Ann Hamilton at Gemini G.E.L.
By Shana Nys Dambrot
July 10 – September 19, 2017* (see note at the end about dates)
Qualities of tactility and physicality are not typically primary in considering print editions. But in ways both literal and illusionistic, that is exactly what’s called for — both in imagery and objecthood — in new works by Ann Hamilton made in collaboration Gemini G.E.L., where they are currently on exhibition. Highlighting their printmaking processes to the point of narrative, each of the three very different series has a unique way of privileging materiality, while also remaining assertive in aspects of content and meaning.
A suite of large works, some single-panel and some four-panel, present like ghostly vintage portraits, memento mori of the animal world. With visual profiles of glimmering daguerreotypes and auric rayograms, these images result from photo-scanning taxidermy critters. The way scanners work means only what is touching the glass is captured in focus, creating layers in an epic depth of field so evocative as to approach trompe l’oeil. Enlarged and close-up, detail-rich swaths of feather and fur not only appear touchable but fairly beckon the outstretched hand. The feathers look absolutely painterly, the fur exudes a tickle, and don’t even get me started on the poignant adorability of tiny paws that appear outstretched in prayer. The emotional impact of the work, which is considerable, takes its time to unfurl. One first notices a quiet beauty, gets lured in close by the proliferation of convincing textures, and finally understands the poetic mortality of the animals’ bodies.
The series is related to a 2014-15 University of Washington Henry Art Gallery show during which Hamilton had a fellowship that came with access to the natural history museum and special library collection archives — including among much else, animal specimens. Issues of preservation, replication, and what it means to be lifelike result in a kind of interpretive, allegorical zoology. The enterprise flirts with a surreal hyperreality, but defaults to embracing the artifice of the project, not unlike taxidermy itself. In all of this the subtly visceral power of these regal, melancholy images offers a perfect platform for existential contemplation, as well as a more conceptual exposition of the relationship of image to object inside the picture plane.
Hamilton saw them framed so as to highlight the heft and natural lay of the paper, which is to say, floated inside the frames, only tacking down the top edge so that the bottom has a slight flirtatious curl at its edge. This is especially apparent in the four-panel composite works, where the central intersection casts a full on shadow and forms a white cross within the boundaries of the overall picture. Each image is done in two versions — a cool blue and a warm sepia. Noticing the differences which that shift enacts upon the effect of the imagery is one more way in which one’s attention is captured and contemplation extended.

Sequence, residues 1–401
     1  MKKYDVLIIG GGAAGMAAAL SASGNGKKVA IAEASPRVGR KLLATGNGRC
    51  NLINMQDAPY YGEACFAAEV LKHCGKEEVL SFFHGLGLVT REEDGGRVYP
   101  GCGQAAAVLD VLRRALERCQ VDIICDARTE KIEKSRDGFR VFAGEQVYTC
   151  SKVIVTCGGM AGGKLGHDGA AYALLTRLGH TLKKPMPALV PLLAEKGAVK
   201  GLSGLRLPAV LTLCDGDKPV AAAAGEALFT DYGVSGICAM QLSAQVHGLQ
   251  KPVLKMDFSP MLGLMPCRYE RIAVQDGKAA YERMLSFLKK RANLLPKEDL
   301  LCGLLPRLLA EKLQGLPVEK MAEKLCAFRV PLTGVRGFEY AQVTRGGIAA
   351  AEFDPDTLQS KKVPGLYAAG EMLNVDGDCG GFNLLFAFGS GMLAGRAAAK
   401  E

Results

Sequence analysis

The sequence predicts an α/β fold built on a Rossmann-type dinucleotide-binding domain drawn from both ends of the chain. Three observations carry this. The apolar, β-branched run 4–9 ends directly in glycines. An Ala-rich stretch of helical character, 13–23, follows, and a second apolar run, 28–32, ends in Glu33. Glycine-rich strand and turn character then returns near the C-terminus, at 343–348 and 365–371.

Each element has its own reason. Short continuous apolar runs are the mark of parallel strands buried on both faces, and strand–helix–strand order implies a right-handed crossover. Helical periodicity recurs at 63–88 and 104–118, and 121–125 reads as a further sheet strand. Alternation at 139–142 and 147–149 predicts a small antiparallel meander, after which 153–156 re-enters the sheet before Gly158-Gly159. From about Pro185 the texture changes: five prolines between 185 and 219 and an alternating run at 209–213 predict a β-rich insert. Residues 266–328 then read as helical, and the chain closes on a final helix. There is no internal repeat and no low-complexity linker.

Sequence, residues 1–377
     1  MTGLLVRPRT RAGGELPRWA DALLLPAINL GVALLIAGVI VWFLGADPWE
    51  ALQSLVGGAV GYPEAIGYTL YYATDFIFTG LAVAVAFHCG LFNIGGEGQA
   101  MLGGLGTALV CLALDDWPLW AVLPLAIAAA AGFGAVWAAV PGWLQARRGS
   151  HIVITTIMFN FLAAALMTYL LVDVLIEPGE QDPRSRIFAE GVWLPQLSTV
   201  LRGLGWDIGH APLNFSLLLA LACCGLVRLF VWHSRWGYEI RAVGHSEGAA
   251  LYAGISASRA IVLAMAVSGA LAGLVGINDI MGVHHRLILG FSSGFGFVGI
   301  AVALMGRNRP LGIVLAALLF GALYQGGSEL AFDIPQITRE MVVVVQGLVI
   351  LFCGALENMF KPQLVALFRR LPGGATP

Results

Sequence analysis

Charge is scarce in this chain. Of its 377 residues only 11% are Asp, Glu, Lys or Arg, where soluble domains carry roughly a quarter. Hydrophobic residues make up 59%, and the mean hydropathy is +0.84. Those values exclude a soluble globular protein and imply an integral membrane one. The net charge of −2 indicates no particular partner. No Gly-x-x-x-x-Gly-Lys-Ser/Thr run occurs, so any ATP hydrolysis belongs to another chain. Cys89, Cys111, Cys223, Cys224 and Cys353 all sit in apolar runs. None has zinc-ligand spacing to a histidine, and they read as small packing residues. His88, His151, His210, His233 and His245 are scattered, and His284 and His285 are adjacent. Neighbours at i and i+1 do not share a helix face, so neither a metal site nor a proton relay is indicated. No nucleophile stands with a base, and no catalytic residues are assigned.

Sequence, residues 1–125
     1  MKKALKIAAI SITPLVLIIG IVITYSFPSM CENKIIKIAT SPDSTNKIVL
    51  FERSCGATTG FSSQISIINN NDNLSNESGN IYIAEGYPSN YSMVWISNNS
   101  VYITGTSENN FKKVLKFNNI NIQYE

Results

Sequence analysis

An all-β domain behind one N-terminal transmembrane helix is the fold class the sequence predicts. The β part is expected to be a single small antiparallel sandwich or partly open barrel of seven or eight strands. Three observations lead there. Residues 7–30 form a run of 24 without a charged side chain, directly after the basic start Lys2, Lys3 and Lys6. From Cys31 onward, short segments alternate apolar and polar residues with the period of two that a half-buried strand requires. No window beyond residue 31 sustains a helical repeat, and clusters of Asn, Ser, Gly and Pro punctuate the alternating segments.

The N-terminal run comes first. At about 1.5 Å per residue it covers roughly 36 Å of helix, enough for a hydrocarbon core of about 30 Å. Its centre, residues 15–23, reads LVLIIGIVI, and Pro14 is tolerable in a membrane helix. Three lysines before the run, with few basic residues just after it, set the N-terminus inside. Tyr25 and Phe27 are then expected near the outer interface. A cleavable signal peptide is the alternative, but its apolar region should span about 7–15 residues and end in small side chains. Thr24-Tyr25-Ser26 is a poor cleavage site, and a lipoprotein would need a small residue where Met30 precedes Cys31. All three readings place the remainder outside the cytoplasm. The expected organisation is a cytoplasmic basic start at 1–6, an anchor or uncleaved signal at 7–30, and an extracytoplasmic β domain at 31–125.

Another completely different series comprises about 20 works in a collection of unique cloth and word collages on book endpapers. All are about 9 x 11 inches, aka book size, reinforcing how collage in general is inherently physical and dependent on existing materials. There is an echo of the taxidermy work’s allegory of death and preservation, archive and artistry, myth and mystery. Discarded books live again with new messages and new fields of pictures and letters, patterns and textures; repurposed without losing component materiality.
Three new blind-embossment etchings also offer text and texture, in yet another unique configuration, conceptually and stylistically. Organizing salient texts on human and animal rights and consciousness according to a typographical configuration known as concordance, Hamilton creates spinal word clouds embossed to a degree of bas relief and animated by the gesturality of hand-applied ink. Elements of physicality and tactility are even more inherent in the process than was true in the screenprints. These works retain the object quality of typewritten pages, making their messages feel declarative, even as they whisper you in to get a much closer look. Hamilton has a history with making words into objects, expanding all the way into pavilion-scale sculptural installations. These are far more intimate. It requires one’s full attention to absorb the philosophical meaning anchored in the self-expression of ink and paper.
*DATES: Basically, the show is in both exhibition spaces at Gemini. The new animal prints are downstairs and then new books and words prints are upstairs in the Gehry annex. The show upstairs comes down August 18-27 while they have the staff show, “Moonlighting,” but the Hamiltons downstairs remain on view. After the staff show, the upstairs Hamilton works will get reinstalled and the entire Hamilton show as it is now will live again in its original form until Sept 19.*